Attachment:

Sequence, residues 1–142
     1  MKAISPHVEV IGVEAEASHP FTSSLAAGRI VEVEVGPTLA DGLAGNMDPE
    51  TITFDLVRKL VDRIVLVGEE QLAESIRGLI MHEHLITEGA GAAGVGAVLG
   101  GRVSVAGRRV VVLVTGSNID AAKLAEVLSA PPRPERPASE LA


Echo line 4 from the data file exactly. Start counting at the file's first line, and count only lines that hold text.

   101  GRVSVAGRRV VVLVTGSNID AAKLAEVLSA PPRPERPASE LA